Objective: To assess factors affecting first-time fathers’ transition to parenthood.
Design: A longitudinal repeated measures study in which participants were interviewed in mid-pregnancy and completed assessments in late pregnancy, in early postpartum, and at 4 months postpartum.
Setting and Participants: Two hundred twenty-five first-time fathers were recruited from a major obstetric hospital in Melbourne, Victoria, from 1995 to 1998, via their partners.
Main Outcome Measures: Men were seen separately from their spouses, and questionnaires assessing parity history, social support, marital satisfaction, anger, anxiety, and gender role stress were completed at each time. Prenatal and postnatal distress were measured by the Edinburgh Postnatal Depression Scale.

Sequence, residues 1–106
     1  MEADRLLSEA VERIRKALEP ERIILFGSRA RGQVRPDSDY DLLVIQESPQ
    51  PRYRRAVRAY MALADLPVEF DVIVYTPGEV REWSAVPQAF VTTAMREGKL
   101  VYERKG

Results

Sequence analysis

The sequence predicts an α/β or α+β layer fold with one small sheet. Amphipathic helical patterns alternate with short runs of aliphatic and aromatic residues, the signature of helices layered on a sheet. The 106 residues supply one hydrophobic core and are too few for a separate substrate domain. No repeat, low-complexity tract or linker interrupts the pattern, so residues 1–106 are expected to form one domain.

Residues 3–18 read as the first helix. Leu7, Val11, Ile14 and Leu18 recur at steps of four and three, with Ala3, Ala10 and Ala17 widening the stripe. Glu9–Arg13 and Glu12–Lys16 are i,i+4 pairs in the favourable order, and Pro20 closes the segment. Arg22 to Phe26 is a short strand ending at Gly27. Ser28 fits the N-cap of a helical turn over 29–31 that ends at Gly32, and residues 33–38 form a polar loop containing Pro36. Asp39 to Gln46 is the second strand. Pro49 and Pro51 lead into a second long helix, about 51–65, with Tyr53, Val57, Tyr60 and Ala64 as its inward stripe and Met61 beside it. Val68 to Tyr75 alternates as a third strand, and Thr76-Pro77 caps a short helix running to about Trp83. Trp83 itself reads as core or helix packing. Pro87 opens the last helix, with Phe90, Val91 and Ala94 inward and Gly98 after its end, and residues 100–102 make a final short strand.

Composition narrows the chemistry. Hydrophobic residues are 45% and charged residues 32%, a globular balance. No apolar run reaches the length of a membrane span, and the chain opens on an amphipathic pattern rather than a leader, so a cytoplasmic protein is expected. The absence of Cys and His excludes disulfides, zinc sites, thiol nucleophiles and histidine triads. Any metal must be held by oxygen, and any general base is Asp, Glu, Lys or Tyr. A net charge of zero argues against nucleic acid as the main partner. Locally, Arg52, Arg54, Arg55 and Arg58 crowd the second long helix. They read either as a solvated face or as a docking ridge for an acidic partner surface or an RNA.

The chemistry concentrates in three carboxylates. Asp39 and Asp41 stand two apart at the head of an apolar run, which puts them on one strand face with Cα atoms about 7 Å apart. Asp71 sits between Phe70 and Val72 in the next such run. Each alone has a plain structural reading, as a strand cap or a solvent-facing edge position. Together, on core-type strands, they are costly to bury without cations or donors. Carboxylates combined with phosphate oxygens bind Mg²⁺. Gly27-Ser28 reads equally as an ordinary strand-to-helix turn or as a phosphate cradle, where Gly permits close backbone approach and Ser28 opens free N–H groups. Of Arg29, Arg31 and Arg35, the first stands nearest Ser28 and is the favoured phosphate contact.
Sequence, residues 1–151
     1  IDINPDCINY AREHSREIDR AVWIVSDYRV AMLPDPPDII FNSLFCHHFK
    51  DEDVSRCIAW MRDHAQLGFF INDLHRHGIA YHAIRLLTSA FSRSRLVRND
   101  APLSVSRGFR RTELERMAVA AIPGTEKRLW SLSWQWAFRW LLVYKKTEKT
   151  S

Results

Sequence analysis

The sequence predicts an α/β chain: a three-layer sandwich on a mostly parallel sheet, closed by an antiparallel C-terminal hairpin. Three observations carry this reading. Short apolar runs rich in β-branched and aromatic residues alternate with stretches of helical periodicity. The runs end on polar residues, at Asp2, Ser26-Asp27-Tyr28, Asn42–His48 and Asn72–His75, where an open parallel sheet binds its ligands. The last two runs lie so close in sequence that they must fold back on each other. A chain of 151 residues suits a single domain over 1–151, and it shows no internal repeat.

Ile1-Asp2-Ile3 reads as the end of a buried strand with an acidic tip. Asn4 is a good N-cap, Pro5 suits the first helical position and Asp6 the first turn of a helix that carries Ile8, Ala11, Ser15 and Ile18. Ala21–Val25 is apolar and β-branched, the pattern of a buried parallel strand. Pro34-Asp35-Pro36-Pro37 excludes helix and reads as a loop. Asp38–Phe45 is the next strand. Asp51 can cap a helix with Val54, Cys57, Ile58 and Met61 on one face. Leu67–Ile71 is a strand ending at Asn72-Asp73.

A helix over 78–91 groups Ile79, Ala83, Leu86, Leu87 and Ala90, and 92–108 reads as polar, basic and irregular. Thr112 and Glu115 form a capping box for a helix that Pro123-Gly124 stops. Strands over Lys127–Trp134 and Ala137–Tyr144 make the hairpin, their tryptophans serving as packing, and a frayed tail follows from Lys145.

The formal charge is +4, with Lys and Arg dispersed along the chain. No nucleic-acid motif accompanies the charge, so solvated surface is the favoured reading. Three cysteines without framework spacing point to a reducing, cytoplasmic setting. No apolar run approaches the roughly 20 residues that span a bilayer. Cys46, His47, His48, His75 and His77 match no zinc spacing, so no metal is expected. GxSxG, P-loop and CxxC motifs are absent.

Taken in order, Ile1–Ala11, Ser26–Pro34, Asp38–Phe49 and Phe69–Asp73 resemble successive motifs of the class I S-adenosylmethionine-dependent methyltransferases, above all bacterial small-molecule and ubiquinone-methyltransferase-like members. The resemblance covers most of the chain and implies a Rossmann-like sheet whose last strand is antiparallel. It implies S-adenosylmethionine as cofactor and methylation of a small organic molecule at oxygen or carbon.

Results: Men's peak period of distress was at the first assessment in pregnancy, where there was an overrepresentation of younger men, who were employed part-time and in shorter relationships. For most of the men, their anxieties decreased steadily postpartum. Lower relationship satisfaction was associated with distress, as was gender role stress, both antenatally and postpartum. Distress was also seen to affect men's attachment to their infants.
Conclusions: Although most men deal effectively with the transition to fatherhood, a small group of distressed men may have continued problems in their role as a parent and partner. If more attention can be paid to their anxieties antenatally, it might benefit the men, their partners, and their infants.